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January 20, 2022
Program Sustainability Builds on Assets and Resources
By Kevin Monroe

Kevin Monroe
Kevin Monroe
Because there is no one-size-fits-all approach to sustainability, figuring out the financial and human resources necessary to sustain a program can take more thoughtful planning than designing and launching it in the first place.

Each organization must develop a plan that is unique to their organization by seizing on their gifts, talents, abilities, and capabilities. Consider the following.

1. Determine your current location.
You must know your starting point to develop a plan or set of directions.
  • Where is your organization in its growth and development?
  • Are you in start-up mode with few established sources?
  • Is the program well established with a track record of successful outcomes?
Knowing where you are is important, but it’s just the beginning.

2. Determine your destination (or, articulate your aspirations).
To do effective sustainability planning, you must also know the desired future state that’s envisioned for the organization.
  • What short-term and long-term goals have you established for your organization?
  • Where does this program fit into the organization’s strategy and plans?
  • How does it connect with other programs provided by your organization?
Once you know where you are and where you want to go as an organization, it’s time to take a serious look in the mirror. What are the outcomes of your programs?

3. Identify program (or organizational) results and their value.
Unless your program produces meaningful results and benefits for those it serves, why bother sustaining it? Here are a few questions to consider as you begin this process:
  • What are the benefits produced by this program?
  • Who directly benefits from this program?
  • How do they benefit?
  • Who else benefits from this program (could be indirect)?
  • Who values this benefit and why?
As you begin to reflect on your results, it’s beneficial to look inside your organization to understand what it truly takes to produce those results.

4. Inventory your assets.
Conduct an organizational asset inventory to identify the current strengths and assets. You can begin with an informal inventory or complete a comprehensive assessment. Here are some questions to get you started:
  • What unique skills, qualifications, or talents does your organization have that equip you for success with this program?
  • Has your organization developed programs, services, or curriculum that are proven to effectively serve your community or clients?
  • Do you have staff members with specialized degrees or certifications for a particular program or service?
  • Do your staff members have unique cultural connections with the clients and communities you serve?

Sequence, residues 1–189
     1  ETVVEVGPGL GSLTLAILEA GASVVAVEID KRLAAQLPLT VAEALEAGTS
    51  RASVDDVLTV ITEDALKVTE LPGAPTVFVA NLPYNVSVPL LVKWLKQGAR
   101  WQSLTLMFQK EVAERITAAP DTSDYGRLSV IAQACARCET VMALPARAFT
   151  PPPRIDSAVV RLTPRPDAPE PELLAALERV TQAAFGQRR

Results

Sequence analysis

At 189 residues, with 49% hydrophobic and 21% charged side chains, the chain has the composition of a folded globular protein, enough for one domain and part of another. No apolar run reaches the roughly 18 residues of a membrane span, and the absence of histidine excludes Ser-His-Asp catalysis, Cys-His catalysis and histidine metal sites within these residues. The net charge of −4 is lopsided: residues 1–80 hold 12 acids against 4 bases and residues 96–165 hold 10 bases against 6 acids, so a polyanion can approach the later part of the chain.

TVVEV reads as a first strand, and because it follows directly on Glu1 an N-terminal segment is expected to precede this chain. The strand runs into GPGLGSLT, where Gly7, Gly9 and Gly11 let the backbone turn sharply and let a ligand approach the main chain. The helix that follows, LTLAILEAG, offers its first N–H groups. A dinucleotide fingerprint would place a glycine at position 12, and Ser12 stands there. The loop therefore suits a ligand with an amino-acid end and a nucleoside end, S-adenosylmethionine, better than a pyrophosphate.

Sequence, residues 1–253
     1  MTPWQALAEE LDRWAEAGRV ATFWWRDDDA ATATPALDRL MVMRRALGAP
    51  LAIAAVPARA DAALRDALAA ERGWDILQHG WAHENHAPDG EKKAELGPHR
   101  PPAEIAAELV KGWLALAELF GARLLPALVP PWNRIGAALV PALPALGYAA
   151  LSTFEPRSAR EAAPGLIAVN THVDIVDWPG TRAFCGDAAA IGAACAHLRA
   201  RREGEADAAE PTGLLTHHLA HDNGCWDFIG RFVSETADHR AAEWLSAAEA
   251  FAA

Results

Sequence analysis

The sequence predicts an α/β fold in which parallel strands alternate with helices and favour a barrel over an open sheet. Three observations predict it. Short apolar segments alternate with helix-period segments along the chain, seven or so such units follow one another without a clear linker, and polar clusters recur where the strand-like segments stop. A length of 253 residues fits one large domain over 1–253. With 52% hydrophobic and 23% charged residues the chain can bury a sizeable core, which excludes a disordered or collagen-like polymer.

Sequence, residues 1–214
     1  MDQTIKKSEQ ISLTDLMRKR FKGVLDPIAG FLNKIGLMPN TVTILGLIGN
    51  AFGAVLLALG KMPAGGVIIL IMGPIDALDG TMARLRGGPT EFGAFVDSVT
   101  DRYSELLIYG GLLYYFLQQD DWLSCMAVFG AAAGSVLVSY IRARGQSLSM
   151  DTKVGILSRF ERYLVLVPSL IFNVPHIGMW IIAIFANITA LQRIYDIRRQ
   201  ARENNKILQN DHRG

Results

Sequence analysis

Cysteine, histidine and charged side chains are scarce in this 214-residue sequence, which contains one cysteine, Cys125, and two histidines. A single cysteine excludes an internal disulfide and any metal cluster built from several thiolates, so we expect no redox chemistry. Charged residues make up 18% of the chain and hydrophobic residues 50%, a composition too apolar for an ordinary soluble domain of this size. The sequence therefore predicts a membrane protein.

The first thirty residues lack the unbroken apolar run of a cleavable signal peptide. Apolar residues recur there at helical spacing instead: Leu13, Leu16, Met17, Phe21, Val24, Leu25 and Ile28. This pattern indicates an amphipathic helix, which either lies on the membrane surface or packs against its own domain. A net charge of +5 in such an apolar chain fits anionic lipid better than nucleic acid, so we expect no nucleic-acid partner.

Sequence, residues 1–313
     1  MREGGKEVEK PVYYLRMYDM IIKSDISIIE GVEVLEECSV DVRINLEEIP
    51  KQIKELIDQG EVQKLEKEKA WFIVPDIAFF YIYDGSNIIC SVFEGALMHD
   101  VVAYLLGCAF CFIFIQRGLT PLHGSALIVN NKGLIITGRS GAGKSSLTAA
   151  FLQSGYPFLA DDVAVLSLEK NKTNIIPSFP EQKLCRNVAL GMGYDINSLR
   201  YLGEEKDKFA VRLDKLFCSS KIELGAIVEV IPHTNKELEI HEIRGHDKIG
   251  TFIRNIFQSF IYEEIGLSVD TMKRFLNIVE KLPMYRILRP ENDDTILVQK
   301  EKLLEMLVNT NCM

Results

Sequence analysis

• Is the board of directors actively involved in providing leadership and direction for the organization?
As you identify your internal assets, take time to develop an appreciation for the strengths that currently exist in your organization.

After looking within, it’s time to look outside the organization.

5. Identify your sustainability network.
Your sustainability network consists of all of the individuals and institutions connected to your organization, especially those that are committed and invested in your current and future success.
  • Do you have an established base of financial support from a mix of individuals, corporations, foundations, and civic groups?
  • Do board members use their community connections and influence to open doors and create partnerships for the organization?
  • Is your organization actively engaged (formally and informally) with a broad range of community leaders and stakeholders?
  • Is the organization actively engaged in community coalitions or collaborations and seen as a key asset to the safety net or continuum of care in the community?
Sustainability planning can begin only where you are; there is no other starting point. Every organization has assets #147; categorize and appreciate the strengths you have so that you can leverage them. For example, if you have board members who are involved and committed to your work, then engage them in identifying peers who share their interest. If you have investors, find out why they invest and see if they are willing to provide additional investment or know others who are.

Kevin Monroe is founder and managing partner of X Factor Consulting LLC, specializing in leadership development. He can be reached at or 404-713-0713.

March 2011
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